Protecting tropical forests by means of green markets

Project description

Title: Green Markets and Sustainable Consumption
Commissioned by: German Federal Ministry for Economic Cooperation and Development (BMZ)
Country: Brazil
Lead executing agency: Ministry of Agriculture, Livestock and Food Supply (MAPA) 
Overall term: 2016 to 2020

Innovative Firmen sind ein Zukunftsmarkt für Produkte der Biodiversität aus Amazonien_Foto_Werner Rudhardt_GIZ


The rainforest in the Amazon region of Brazil is shrinking. Advancing deforestation is releasing greenhouse gases, reducing biodiversity and destroying the settlement areas of traditional population groups. As its contribution to the Paris Climate Agreement, Brazil has therefore set itself the goal of halting illegal deforestation by 2030. It aims to promote sustainable production systems to protect the forest. The production systems are based, for example, on nuts or fruits that are gathered in the natural forest without destroying it. At the same time, eco-friendly cultivation methods in agriculture can open up economically viable prospects for smallholders. The main challenge facing many farming cooperatives is gaining access to the market for their products.


Smallholders and traditional population groups have improved market access for sustainably produced products from the Amazon region. This encourages them to conserve and use the forest instead of clearing it and transforming it into arable and pastureland.

Kakaopflanze in einem Agroforstsystem_Foto_Frank_Kraemer_GIZ


The project improves the state policy for promoting the marketing of sustainable Amazonian products. One example of this is the creation of five Chambers of Marketing in four federal states. In them, all the relevant players work together to find ways of promoting sustainable value chains. The project is developing an information system to monitor the Brazilian measures on agroecology and organic farming.

One important element is to provide support in building management capacities in cooperatives. Needs range from advice on bookkeeping basics and the development of business models to organisational development and sustainability seals. The employees of rural advisory services are being trained to teach content and to apply innovative advisory methods in their work with the cooperatives.

Sustainable consumption is also being strengthened, with campaigns to encourage conscious consumption and provide information about production conditions in the Amazon region. New marketing channels for environmentally friendly products from the Amazon region are being opened up. 

Private business is an important partner in the development of sustainable value chains. The project supports public-private partnerships (PPPs) in order to direct private investment into such production systems. It is also working with ‘impact investors’ whose aim is to achieve a positive social and ecological impact with their investment in the Amazon region.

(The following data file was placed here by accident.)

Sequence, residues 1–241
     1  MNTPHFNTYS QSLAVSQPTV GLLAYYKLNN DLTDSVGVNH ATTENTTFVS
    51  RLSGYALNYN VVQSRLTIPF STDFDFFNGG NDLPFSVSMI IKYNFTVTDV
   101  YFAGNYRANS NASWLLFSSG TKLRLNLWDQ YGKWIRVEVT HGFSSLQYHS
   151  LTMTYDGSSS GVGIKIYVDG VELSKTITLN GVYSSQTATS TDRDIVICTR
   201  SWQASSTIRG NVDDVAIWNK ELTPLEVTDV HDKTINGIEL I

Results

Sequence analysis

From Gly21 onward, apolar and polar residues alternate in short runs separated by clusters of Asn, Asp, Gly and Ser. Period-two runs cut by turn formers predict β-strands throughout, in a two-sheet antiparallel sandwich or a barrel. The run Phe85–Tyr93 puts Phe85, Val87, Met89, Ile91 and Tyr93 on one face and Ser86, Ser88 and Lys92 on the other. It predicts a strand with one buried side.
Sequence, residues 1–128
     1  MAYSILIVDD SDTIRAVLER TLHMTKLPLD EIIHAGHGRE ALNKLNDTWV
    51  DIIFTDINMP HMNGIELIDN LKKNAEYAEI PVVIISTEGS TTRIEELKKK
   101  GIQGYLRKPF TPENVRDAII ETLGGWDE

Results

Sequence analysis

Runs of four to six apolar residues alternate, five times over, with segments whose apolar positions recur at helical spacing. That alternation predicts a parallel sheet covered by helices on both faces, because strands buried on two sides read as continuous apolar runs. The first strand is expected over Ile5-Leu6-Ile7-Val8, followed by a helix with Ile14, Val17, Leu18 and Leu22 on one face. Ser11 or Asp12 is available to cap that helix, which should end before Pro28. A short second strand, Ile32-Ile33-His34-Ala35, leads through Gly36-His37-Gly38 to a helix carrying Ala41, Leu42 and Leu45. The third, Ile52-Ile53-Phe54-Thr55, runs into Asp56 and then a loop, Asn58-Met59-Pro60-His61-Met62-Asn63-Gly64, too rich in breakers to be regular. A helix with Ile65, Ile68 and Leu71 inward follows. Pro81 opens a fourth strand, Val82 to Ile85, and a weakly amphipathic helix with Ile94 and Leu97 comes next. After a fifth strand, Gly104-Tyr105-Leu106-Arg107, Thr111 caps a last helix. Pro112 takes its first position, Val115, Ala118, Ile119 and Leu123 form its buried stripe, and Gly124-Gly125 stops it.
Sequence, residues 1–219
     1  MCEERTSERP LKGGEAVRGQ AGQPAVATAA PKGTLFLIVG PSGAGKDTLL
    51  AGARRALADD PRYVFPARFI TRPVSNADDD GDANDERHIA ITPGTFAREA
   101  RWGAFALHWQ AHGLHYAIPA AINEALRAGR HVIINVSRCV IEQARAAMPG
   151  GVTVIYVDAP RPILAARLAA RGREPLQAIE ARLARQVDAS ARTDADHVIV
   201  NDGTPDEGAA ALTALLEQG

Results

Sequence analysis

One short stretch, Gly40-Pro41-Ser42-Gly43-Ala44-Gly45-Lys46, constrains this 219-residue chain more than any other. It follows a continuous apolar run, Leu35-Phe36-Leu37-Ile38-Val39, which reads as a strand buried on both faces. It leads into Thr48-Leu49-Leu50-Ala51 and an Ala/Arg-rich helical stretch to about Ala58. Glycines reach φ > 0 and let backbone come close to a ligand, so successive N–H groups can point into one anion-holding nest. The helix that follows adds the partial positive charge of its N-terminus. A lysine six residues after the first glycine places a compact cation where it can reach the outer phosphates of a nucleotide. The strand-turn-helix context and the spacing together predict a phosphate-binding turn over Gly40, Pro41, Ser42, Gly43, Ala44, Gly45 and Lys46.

In its implementation of the project, the Deutsche Gesellschaft für Internationale Zusammenarbeit (GIZ) GmbH is supported by the Eco Consulting/IPAM consortium.


  • The project has determined the supply and demand for sustainable Amazonian products to raise their visibility. To this end, data was collected on the products of some 340 cooperatives and smallholder organisations. Data was also collected on around 140 companies who are potential buyers of the products.
  • Nine cooperatives took part in the leading international trade fair for organic products, Biofach in Nuremberg, with GIZ’s support. At this trade fair, the cooperatives signed 200 contracts worth a total of around two million euros.
  • Chambers of Marketing have been set up in five federal states. The chambers in Manaus, Rio Branco, Macapá, Belém and Santarém have launched initiatives to regulate sustainable fish products and market products from indigenous communities for school meals, among others. In Acre, public purchasing of sustainable products from local smallholders in the amount of 1.3 million euros was activated by the Chamber.
  • The project has developed a new methodology for the state advisory system for smallholder cooperatives. The CapGestão training courses were attended by 140 employees from state and private advisory services. The technical experts were able to advise 71 cooperatives consisting of 4,331 families in 46 municipalities.
  • Training in the purchasing of sustainable products from smallholders in the Amazon region was provided to 200 civil servants working in public procurement.
  • The campaigns for sustainable consumption in the North and the campaign ‘Gosto da Amazônia’ are supporting about 50 cooperatives and associations, consisting of 5,000 smallholder families and 13 private companies.
  • In cooperation with the project, the support programme ‘Parceiros pela Amazônia (PPA)’ for sustainable start-ups is supporting 15 start-ups and so about 4,000 smallholders, indigenous people and riverbank inhabitants who are improving income levels and the quality of life as sustainable suppliers.

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